Final Voyages 51 results

Pop’s Pride – Part III

On September 6, 2016, the 22-foot fishing boat Pop’s Pride left port in St. John’s Newfoundland between 6:30 a.m. and 7 a.m. with four fishermen onboard. Three of the men were from a single family. The fourth was a family friend. All were from Shea Heights, a tight-knit community within the city limits of St. John’s. As the men hauled their nets that morning, winds increased to approximately 30-32 knots (56-60 kilometres per hour) along with seas of two metres (six feet). It appears the ...

Pop’s Pride – Part II

Three members of one fishing family, along with a family friend, all from Shea Heights-St. John’s, N.L., went fishing on September 6, 2016 in a 22-foot open boat. When Eugene Walsh, his son Keith and Keith’s son, Keith Jr., along with Billy Humby, had not returned by early afternoon, family members and friends became concerned. Winds had increased to 25–30 knots and waves reached six feet high outside the St. John’s Narrows — not good conditions for a small boat. This is Part II of ...

Pop’s Pride

Sonya Walsh didn’t hear her husband Keith get up on Tuesday morning, September 6, 2016. Neither did she hear the alarm clock that always woke Keith. She didn’t hear her husband and their son Keith Jr., age 18, having breakfast and chatting before they left the house at approximately 5 a.m. to go fishing. Ordinarily, 36-year old Sonya would have merely dismissed her deep sleep that morning as nothing more than extreme tiredness, but events later that day makes her wonder about some ...

Survivor Extreme – Part V

After surviving a brutal trek over a mountain through snow and ice, a partially frozen river and ice-covered rocks in bare feet, Dave Barnes eventually made it to the relative comfort of a small cabin located on Ten-Mile Bay, south of Nain, Labrador. For a while, it seemed the remainder of his journey home would be in relative comfort compared to what he suffered in the previous nine hours. But comfort would prove to be elusive. This is Part V of “Survivor Extreme” The cabin on Ten Mile ...

Survivor Extreme – Part IV

Following the sinking of the tug Sea Alert just south of Nain Labrador in the fall of 1995, Dave Barnes faced what most would find insurmountable odds to survive. After swimming a mile in freezing water, he managed to make it to land but a mountain lay between him and safety. He climbed the snow-covered mountain in bare feet and finally made it to a small shack on the Labrador coastline. But surviving the night would be a major struggle. This is Part IV of Survivor Extreme.   F...

Survivor Extreme – Part III

On Wednesday, November 1, 1995, an 85-foot tug struck a rocky shoal about 10 miles south of Nain, Labrador. The Sea Alert sank within 10-12 minutes. The captain and two other crewmembers were lost with the vessel. The engineer, 30-year old Dave Barnes made it off the boat, but his journey to survival defies logic and some would say also defies medical science. This is the continuation of Survivor Extreme.   After two agonizing hours swimming and paddling a wooden crate-like raft ...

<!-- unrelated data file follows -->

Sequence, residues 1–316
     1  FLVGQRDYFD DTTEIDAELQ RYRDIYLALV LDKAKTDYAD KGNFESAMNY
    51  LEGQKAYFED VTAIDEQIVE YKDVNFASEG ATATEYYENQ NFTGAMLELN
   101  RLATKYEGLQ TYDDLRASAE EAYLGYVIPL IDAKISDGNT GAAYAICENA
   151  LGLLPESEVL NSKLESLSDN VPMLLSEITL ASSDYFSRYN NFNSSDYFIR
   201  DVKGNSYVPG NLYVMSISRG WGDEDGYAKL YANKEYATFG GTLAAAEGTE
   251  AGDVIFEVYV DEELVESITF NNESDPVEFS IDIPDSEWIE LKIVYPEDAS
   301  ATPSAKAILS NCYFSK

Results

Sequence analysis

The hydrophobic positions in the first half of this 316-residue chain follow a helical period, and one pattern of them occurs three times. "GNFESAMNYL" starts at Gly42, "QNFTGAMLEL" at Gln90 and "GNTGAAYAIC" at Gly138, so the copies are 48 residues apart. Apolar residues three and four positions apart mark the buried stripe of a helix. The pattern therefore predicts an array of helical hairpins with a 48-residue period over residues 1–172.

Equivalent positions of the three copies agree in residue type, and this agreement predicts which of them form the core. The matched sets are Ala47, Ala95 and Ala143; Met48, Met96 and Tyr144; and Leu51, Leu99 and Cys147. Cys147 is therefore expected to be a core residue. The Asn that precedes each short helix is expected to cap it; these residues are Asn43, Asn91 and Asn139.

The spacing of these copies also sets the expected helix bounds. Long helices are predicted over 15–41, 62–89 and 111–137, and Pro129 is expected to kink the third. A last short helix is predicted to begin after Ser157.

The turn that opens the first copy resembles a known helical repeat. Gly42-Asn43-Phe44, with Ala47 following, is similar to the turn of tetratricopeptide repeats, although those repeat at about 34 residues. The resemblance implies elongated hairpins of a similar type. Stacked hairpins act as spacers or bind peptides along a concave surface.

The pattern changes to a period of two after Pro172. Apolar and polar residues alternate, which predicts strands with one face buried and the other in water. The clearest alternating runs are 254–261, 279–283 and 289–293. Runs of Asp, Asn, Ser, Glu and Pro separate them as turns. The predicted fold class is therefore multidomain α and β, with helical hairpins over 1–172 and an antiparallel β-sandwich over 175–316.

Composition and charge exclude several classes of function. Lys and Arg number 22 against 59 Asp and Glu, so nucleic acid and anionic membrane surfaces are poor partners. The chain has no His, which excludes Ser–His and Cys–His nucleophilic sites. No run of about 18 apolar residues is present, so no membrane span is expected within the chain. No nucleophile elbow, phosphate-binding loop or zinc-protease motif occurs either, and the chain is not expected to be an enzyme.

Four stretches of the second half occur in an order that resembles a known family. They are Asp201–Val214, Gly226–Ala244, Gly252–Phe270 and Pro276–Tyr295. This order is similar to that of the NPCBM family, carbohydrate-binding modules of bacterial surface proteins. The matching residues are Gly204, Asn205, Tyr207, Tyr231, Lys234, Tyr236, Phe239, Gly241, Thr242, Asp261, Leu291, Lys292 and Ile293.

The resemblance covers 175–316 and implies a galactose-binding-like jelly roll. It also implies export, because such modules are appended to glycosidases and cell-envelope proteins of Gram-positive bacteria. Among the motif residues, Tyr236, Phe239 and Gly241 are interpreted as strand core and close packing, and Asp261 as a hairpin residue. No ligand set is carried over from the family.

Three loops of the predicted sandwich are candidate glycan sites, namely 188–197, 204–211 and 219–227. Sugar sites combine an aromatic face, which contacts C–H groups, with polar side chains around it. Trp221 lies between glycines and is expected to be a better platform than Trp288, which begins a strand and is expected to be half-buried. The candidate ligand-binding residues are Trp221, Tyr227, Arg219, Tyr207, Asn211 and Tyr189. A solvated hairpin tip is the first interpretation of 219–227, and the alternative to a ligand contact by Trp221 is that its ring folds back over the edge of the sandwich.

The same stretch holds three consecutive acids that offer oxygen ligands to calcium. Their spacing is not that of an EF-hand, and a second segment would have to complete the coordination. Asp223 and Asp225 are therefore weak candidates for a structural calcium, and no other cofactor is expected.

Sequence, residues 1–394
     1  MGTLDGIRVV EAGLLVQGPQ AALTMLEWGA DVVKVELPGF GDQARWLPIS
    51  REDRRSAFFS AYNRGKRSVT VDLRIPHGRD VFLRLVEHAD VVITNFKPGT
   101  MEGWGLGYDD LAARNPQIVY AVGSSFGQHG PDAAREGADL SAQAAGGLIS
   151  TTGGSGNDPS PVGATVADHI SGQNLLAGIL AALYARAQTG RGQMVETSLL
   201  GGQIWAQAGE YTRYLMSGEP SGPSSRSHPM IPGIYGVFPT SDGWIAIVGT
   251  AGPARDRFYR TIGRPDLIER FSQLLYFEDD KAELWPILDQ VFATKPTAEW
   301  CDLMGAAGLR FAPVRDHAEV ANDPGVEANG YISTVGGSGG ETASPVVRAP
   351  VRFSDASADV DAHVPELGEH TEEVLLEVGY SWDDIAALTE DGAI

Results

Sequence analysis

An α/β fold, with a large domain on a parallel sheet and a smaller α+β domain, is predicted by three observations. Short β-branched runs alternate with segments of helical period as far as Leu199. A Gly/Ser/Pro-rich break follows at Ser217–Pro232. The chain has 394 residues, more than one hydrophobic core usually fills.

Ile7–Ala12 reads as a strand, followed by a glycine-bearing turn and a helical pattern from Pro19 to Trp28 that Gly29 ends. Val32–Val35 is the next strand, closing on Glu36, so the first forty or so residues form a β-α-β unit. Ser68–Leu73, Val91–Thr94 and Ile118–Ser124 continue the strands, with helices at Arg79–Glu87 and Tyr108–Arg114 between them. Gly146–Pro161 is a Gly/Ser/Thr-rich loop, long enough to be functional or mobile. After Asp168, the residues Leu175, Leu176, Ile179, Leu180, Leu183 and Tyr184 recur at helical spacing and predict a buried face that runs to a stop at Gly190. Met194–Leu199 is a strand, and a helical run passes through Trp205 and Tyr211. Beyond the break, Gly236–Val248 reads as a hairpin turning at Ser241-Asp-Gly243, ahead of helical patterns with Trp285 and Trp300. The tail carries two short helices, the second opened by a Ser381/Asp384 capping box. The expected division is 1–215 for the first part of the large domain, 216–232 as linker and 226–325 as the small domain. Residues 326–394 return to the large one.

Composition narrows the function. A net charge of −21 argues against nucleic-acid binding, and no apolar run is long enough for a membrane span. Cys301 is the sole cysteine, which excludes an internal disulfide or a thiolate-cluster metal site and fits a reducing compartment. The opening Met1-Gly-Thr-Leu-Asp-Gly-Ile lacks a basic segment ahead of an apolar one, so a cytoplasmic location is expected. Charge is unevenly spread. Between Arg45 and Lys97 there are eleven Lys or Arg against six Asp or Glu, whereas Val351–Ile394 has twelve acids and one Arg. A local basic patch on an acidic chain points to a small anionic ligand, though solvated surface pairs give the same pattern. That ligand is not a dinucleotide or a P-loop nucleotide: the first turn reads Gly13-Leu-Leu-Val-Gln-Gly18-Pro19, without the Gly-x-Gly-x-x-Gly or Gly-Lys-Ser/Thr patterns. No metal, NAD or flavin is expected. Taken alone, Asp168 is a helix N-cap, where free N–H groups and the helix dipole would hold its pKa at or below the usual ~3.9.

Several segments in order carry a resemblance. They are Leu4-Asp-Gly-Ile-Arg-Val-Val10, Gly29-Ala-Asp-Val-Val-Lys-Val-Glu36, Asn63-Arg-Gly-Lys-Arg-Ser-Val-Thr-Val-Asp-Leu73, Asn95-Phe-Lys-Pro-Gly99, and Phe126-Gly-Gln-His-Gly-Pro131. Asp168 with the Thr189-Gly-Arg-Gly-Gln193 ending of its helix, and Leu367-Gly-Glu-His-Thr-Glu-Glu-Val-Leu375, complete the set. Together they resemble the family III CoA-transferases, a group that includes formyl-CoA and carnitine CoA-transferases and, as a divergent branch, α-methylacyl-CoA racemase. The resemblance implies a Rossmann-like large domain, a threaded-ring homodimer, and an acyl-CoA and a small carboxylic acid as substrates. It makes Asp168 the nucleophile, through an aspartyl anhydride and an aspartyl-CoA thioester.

Survivor Extreme – Part II

On November 1, 1995, a tug with four men onboard, struck a rock in waters approximately 10 miles south of Nain, Labrador. Within a few minutes, the severely damaged Sea Alert sank. One man, engineer Dave Barnes, managed to get off the ship. His struggle to survive over the next 16 hours is almost incomprehensible. This is the continuation of Survivor Extreme.   When Dave ran from the engine room to the deck, he saw his three shipmates, Eph Skinner, Dave House and the tugboat’s ...

Survivor Extreme

Northern Labrador was a very busy place in 1995. The huge Voisey’s Bay nickel development was starting to swing into full gear in a remote part of the Labrador coastline just 21 miles south of Nain, the most northerly major town in Labrador. The early signs of winter are obvious in that region by late October with snow on the ground and ice forming along the coastline, while many ponds and lakes are often frozen solid. Marine shipping is crucial for the transport of nearly everything in ...

A Red Sky at Morning — Part II

(Above) John Gillett sitting on the deck of his house in Twillingate during an evening of story telling, 2014  On October 28, 1971, John Gillett and his friend Clarence Oxford were turr hunting when John had a sudden premonition of impending danger. His strange feeling was strong enough for John to suggest they should turn around and head for home in Twillingate. It was a calm morning and turrs were plentiful, but Clarence knew the forecast called for strong winds in the afternoon so ...

A Red Sky at Morning

Like most veteran fishing skippers, John Gillett has plenty of good yarns to spin about his many years on the water. Some are funny, some are about boats loaded to the gunwales, some are about bad years and others are about close calls — all are interesting. A few years ago, I had the opportunity one evening to sit and chat with John on the veranda of his home in Gillesport/Twillingate on the northeast coast of Newfoundland. Overlooking Twillingate Harbour while sipping a cup of tea ...